(previously known as Thiopsyche pryeri)
HYPOCHROSINI, ENNOMINAE, GEOMETRIDAE, GEOMETROIDEA
Photo: courtesy of Buck Richardson, from
Tropical Queensland Wildlife from Dusk to Dawn Science and Art
The Caterpillar of this species is thin and smooth, and is green with black markings. It has reduced prolegs, and walks in a looper fashion.
It has been found to feed on plants from the family LAURACEAE, including:
The caterpillar pupates in a sparse orange cocoon among the leaves of its foodplant.
The wings of the adult female moths are pale green, with sparse brown markings, including a cusp-shaped marginal band on each forewing. The forewing inner margins are also cusp-shaped. The males are more yellowish, with brown-edged lacunae, including an elliptical transparent window near the base of each forewing.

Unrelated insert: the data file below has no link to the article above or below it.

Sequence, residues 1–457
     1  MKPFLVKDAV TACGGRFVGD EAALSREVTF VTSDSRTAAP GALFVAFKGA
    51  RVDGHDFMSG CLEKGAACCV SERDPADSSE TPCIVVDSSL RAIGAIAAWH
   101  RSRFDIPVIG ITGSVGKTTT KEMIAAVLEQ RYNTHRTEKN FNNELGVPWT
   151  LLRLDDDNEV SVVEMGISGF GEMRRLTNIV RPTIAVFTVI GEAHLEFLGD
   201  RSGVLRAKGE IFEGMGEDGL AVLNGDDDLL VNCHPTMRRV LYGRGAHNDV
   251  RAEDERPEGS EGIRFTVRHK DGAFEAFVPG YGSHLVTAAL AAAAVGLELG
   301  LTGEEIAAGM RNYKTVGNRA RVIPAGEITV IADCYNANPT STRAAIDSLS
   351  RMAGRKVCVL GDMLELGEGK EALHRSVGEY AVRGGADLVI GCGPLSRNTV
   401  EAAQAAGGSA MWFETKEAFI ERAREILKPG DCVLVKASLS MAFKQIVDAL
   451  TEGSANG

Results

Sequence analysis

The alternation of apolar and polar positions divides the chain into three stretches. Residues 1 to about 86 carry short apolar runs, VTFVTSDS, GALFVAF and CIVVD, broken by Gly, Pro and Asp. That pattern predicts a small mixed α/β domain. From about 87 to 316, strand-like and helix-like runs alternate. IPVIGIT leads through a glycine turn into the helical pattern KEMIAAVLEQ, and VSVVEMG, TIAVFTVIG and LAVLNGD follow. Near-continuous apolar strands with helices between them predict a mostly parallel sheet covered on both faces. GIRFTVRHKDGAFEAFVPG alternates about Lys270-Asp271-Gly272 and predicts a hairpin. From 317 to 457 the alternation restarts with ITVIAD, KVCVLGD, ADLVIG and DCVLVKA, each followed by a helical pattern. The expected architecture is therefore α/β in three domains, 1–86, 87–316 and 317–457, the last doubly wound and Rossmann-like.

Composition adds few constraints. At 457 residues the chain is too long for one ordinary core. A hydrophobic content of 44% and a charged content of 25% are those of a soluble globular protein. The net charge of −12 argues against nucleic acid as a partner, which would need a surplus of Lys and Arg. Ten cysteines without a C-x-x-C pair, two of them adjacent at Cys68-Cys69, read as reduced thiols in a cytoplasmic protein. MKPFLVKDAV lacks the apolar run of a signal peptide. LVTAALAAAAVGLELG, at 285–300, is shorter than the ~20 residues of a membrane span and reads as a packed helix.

When disturbed, the moth creases its forewings which hides the brown margins, and reveals the transparent areas, which make it resemble the face of a large creature. The wingspan is about 3 cms.
The species has been found in :
and in Australia in:
Further reading :
Arthur G. Butler,
Descriptions of new species of Heterocera from Japan Part III Geometrites,
The Annals and Magazine of Natural History,
Series 5, Volume 1 (1878), p. 393.
Tropical Queensland Wildlife from Dusk to Dawn Science and Art,
LeapFrogOz, Kuranda, 2015, p. 62.
Paul Zborowski and Ted Edwards,
A Guide to Australian Moths, CSIRO Publishing, 2007, p. 143.
(updated 7 February 2010, 25 May 2013)